When I got back to Lewes I broke my three-month veganism in a pub named after a male philosopher by ordering a veggie burger with a hefty ooze of cheese. I drank another pint of Sussex bitter and wondered if walking holidays were something which could ease the impatience of uninterrupted 4G: my thrashing anxiety didn’t misinterpret emails or stare at the double blue tick on WhatsApp wondering why my friends weren’t messaging me back.

I returned to the B&B as the light began to fade, I ran a bath and filled it with fruitish smelling bubbles. I lay still in the warm water until the tips of my fingers and toes shrivelled and listened to all of Laura Marling’s new album, delighting at my aching calves.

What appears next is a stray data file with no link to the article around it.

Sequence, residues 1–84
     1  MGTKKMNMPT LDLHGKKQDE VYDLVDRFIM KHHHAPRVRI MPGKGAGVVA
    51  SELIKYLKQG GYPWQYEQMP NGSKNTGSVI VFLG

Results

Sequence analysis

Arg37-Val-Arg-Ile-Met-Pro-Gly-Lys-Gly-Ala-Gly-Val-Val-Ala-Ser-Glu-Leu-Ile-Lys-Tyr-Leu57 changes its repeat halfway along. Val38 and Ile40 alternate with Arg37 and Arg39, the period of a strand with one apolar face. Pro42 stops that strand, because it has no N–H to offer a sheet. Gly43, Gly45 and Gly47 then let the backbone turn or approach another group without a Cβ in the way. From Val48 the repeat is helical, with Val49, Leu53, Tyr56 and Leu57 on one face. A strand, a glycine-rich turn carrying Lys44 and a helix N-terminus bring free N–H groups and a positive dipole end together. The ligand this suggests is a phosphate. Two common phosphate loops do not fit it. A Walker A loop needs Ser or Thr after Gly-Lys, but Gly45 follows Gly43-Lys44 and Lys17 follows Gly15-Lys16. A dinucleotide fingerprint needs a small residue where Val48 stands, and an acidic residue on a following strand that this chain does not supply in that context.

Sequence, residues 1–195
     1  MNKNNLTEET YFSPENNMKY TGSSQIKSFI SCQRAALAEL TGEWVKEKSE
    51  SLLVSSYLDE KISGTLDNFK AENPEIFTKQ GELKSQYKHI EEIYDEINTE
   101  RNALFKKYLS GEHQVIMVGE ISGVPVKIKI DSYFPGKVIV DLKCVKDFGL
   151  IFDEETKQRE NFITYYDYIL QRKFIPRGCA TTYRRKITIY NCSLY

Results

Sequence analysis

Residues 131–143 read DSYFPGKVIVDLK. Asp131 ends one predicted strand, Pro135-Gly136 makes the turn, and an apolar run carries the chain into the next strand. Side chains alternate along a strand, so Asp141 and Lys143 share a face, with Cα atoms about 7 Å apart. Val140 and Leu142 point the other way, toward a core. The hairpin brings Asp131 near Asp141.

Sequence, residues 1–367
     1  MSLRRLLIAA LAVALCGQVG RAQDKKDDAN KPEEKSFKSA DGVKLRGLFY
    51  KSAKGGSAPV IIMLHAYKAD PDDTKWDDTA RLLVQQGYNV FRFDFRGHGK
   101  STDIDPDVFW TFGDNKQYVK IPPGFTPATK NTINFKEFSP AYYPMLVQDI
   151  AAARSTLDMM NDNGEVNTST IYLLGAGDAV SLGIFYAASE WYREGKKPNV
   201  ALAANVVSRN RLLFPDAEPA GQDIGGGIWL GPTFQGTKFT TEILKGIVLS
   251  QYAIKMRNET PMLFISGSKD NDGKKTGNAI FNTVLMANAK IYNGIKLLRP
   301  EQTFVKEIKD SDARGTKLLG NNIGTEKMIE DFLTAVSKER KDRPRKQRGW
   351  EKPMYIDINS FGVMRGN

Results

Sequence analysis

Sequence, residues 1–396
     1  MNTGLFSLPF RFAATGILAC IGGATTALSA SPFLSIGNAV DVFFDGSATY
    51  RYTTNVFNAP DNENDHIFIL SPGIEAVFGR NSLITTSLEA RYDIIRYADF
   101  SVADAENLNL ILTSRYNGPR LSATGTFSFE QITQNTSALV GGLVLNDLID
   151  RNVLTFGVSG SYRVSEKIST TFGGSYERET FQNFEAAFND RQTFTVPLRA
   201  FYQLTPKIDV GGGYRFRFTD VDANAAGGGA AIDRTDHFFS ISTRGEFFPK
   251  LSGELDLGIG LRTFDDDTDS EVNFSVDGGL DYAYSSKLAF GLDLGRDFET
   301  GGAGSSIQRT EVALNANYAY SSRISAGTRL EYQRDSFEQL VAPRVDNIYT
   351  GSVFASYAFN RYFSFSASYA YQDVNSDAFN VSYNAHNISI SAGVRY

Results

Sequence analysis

‘Where were you last weekend?’ A friend asked as we queued for another overpriced brunch recommended by Time Out. ‘Your Instagram looked amazing.’

We drank water with cucumber and both ordered poached eggs with avocado on sourdough toast. We talked about our symbiotic relationship with London, how we daydreamed about living in other cities.

‘But I couldn’t leave.’ She said. ‘I’d hate living in some faceless backwater. What would I do in the evening?’

I thought of the newsletters which landed in my inbox every Thursday detailing innumerable activities which could occupy my mind: a new bar with flowering cocktails; a new exhibition at Tate Modern; a site-specific immersive theatre experience; more, more, more. I thought how I deleted them every time.

‘I think I could leave.’


Sara Sherwood | @sarasherwood

Sara Sherwood spends the majority of her time thinking about pop stars, the Kardashians and former British Prime Ministers. She lives in London.